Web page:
Playlists of Basic Beats for a Beginning Drummer
March 26, 2015 11:27 AM   Subscribe

I bought a set of Roland V-drums recently and I'd like to put together some playlists that focus on basic beats I should be learning as a beginner. The idea is to have each playlist focus on a specific type of beat, starting easier and building in complexity/tempo. I'm mostly into rock music, and my goal right now is to be able to keep a solid groove - nothing fancy.
posted by InfidelZombie to Media & Arts (9 answers total) 13 users marked this as a favorite
I think the phrase "drum rudiments" might be what you're looking for. Vic Firth has a nice page with the basics, with playalong videos
posted by goHermGO at 11:50 AM on March 26, 2015

First, a beat is not a drum rudiment. A drum rudiment is an element of a beat. So that Vic Firth page isn't where you want to start. A good book to start out with is Basic Rock Beats by Joel Rothman.

The basic rock beat is hi hat on every eighth note, bass drum on the 1 and the 3 and snare on the 2 and the 4.

So it works like this:
Beat: 1 + 2 + 3 + 4
Hi Hat: x x x x x x x
Bass: x x
Snare: x x
It will take time, because you have to learn independence, which is the ability of one limb to play one thing while the other one plays something else. Go slow and practice a lot. It will be frustrating at first, but then you'll suddenly get it!
posted by Ironmouth at 1:20 PM on March 26, 2015

That came out poorly. Type in basic rock beat to a google image search and you'll see what I'm talking about.
posted by Ironmouth at 1:22 PM on March 26, 2015

You want the Drummer's Cookbook.
posted by cocoagirl at 5:49 PM on March 26, 2015

Best answer: (reformatted Ironmouth's bit with pre tags for the sake of completeness)

The first beat every drummer learns:
Beat:   1 + 2 + 3 + 4 +

Hi Hat: x x x x x x x x
Snare:      o       o
Bass:   o       o
Basically, this.
(Assuming a right-handed player on right-handed kit, HiHats are hit with right hand, left hand lower down for snare , Bass is right foot. Just keep your left foot down flat for now.)

Here's an example of it in use as a solid rock groove.

Your next step is usually to syncopate the bass a little, so something like
Beat:   1 + 2 + 3 + 4 +

Hi Hat: x x x x x x x x
Snare:      o       o
Bass:   o         o
Where you play the 2nd bass note off the '3', and on the 'and'. Here some G'nR using that beat for a couple bars. Some other basic variations to practice here are:
Beat:    1 + 2 + 3 + 4 + 

Hi Hat:  x x x x x x x x
Snare:       o       o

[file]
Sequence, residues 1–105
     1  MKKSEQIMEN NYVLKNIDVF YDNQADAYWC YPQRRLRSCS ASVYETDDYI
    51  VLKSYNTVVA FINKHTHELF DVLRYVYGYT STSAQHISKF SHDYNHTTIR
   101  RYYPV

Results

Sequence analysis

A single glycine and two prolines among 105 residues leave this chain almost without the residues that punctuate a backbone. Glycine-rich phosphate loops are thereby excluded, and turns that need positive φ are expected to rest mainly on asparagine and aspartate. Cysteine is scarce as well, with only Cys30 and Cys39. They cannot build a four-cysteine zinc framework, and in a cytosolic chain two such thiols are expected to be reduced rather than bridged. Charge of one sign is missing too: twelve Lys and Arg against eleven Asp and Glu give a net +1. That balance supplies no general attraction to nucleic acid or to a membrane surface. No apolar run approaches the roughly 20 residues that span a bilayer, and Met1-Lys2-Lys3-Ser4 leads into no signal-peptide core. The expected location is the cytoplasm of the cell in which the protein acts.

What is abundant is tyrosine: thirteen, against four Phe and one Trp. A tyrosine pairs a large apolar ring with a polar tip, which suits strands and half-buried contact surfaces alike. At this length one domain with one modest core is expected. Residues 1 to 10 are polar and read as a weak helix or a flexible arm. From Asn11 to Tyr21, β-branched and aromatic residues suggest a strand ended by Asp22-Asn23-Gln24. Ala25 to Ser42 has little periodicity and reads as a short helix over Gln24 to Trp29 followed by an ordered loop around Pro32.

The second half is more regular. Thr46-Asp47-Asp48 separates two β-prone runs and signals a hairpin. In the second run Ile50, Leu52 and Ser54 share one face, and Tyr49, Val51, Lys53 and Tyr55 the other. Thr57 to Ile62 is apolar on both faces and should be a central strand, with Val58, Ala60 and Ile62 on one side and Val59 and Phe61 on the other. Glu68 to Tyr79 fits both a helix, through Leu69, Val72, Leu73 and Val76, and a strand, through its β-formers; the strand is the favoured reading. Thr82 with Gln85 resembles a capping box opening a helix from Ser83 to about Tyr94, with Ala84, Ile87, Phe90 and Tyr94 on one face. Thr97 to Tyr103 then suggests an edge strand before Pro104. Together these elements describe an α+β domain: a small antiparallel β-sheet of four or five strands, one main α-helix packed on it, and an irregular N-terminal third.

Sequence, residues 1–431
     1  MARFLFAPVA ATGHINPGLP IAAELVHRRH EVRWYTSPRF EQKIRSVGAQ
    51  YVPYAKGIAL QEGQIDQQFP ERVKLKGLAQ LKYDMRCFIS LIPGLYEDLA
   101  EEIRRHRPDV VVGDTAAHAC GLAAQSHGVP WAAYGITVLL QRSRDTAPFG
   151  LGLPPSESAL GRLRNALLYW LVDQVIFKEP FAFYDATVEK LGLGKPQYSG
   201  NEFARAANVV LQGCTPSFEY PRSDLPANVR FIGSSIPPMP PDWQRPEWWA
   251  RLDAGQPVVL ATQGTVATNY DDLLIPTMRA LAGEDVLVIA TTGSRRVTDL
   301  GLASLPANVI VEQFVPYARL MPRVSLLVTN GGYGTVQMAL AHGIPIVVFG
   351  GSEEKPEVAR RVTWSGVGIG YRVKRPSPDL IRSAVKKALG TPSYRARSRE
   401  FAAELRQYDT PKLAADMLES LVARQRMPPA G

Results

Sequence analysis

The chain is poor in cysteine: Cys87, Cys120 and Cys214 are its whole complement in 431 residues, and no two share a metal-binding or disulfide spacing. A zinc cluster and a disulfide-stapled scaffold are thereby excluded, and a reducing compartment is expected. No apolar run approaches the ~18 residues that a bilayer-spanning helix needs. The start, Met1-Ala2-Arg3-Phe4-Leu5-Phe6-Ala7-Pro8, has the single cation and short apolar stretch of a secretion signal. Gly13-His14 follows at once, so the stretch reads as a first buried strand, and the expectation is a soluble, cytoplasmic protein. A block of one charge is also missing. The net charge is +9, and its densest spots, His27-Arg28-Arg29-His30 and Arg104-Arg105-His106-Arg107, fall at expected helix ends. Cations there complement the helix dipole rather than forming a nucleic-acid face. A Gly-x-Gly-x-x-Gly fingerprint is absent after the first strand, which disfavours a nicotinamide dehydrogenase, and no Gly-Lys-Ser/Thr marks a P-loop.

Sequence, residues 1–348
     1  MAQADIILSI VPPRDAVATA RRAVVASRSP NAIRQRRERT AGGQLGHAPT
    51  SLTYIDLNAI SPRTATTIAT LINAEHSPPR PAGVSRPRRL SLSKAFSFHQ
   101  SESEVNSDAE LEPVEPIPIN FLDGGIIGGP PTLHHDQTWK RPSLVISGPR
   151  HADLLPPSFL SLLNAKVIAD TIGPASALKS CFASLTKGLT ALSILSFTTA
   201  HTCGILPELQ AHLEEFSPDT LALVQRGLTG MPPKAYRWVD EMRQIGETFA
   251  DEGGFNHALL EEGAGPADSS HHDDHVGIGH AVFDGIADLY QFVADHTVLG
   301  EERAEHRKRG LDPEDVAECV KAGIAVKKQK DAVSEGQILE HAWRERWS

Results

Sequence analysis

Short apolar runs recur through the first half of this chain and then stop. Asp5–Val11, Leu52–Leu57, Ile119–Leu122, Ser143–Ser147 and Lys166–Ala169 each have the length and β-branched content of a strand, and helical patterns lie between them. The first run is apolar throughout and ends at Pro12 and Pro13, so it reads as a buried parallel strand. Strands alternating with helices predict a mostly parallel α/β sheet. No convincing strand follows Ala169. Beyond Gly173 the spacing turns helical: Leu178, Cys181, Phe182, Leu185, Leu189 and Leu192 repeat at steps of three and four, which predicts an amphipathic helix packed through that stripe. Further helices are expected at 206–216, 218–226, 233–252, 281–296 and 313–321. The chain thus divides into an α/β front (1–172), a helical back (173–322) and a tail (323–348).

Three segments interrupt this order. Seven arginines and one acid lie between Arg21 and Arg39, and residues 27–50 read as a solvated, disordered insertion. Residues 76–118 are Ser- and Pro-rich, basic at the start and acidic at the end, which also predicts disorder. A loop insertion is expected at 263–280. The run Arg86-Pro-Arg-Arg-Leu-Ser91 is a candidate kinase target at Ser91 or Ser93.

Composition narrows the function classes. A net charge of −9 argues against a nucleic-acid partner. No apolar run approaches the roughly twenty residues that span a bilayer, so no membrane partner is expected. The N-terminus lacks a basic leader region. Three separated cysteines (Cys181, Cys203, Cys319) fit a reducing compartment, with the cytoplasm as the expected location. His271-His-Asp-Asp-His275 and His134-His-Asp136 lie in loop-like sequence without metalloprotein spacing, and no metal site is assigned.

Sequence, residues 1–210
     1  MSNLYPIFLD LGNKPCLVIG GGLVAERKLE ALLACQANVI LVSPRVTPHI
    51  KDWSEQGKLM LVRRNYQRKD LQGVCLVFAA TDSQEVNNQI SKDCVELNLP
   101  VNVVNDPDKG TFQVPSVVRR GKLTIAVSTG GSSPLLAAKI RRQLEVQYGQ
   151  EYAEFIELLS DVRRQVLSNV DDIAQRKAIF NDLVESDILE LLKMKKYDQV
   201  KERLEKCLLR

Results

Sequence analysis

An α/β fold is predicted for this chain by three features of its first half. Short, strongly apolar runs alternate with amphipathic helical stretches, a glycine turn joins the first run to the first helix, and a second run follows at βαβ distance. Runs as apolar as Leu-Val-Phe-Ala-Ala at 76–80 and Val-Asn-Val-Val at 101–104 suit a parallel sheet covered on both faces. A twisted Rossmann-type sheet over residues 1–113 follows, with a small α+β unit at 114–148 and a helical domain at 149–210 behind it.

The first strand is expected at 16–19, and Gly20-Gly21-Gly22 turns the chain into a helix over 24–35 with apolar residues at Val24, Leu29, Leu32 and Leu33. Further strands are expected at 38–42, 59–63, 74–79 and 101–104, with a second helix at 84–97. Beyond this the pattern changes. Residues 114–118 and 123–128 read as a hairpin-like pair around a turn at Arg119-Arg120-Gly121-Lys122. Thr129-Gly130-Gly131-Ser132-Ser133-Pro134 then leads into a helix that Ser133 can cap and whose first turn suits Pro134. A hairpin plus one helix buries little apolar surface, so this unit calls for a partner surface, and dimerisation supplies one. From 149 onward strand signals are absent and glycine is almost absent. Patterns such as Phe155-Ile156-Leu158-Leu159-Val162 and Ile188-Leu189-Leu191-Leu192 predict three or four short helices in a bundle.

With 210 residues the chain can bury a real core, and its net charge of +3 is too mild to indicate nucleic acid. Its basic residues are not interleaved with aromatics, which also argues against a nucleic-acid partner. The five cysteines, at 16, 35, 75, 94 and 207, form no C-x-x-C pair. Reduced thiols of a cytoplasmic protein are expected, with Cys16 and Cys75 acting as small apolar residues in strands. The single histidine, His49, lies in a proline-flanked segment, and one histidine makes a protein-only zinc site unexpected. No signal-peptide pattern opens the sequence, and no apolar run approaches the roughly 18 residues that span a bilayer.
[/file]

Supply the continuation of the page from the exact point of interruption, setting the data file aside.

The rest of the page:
Bass:    o       o o
Beatbox: b-t-k-t-b-b-k-t

Hi Hat:  x x x x x x x x
Snare:       o       o
Bass:    o     o o 
Beatbox: b-t-k-b-b-t-k-t

Hi Hat:  x x x x x x x x
Snare:       o       o
Bass:    o     o   o
Beatbox: b-t-k-b-t-b-k-t
(invented beatbox notation because I'm too lazy to find more videos, and it might help you visualise [auralise?] the beats.)
Combining variations of those 5 patterns gives you 99% of basic rock beats. This video is a decent introductory treatment of similar concepts.

At this point in your career, you'll probably find the rudiments mentioned above more useful when you start wanting to incorporate rolls and fills - when you're a bit more confident with the beats (but the Vic Firth link looks like a good start)

I might've gotten carried away there - you wanted playlists! This YT playlist and this thread both look relevant to your interests. Good luck!
posted by quinndexter at 10:21 PM on March 26, 2015 [3 favorites]

Best answer: gah. This thread
posted by quinndexter at 10:28 PM on March 26, 2015

Response by poster: Thanks for the responses so far everyone. A little more background on where I am skills-wise: been playing guitar fairly seriously for a decade now, so I have a decent sense of rhythm and some limb independence. I've fooled around on friends' kits before, so the basic beat Ironmouth describes came pretty quickly.

Learned to play guitar by playing along with the Ramones, but keeping up with Tommy just wasn't happening. So I've been playing along with early Stones and Beatles albums, which I can keep time with but I just know I'm missing important stuff, those guys are too good. Plus I have to skip a lot because some of what they are playing I just can't get the groove to yet.

So I'm looking to string together songs to form a good 30 minutes or so of practice without having to skip around tracks. The links quinndexter posted are just the sort of thing I'm looking for.
posted by InfidelZombie at 10:32 AM on March 27, 2015

I learned to play the drums by air drumming to Led Zeppelin.

There's no better place to begin in my opinion. Download the whole catalog and put it on shuffle.
posted by j03 at 12:20 PM on March 27, 2015

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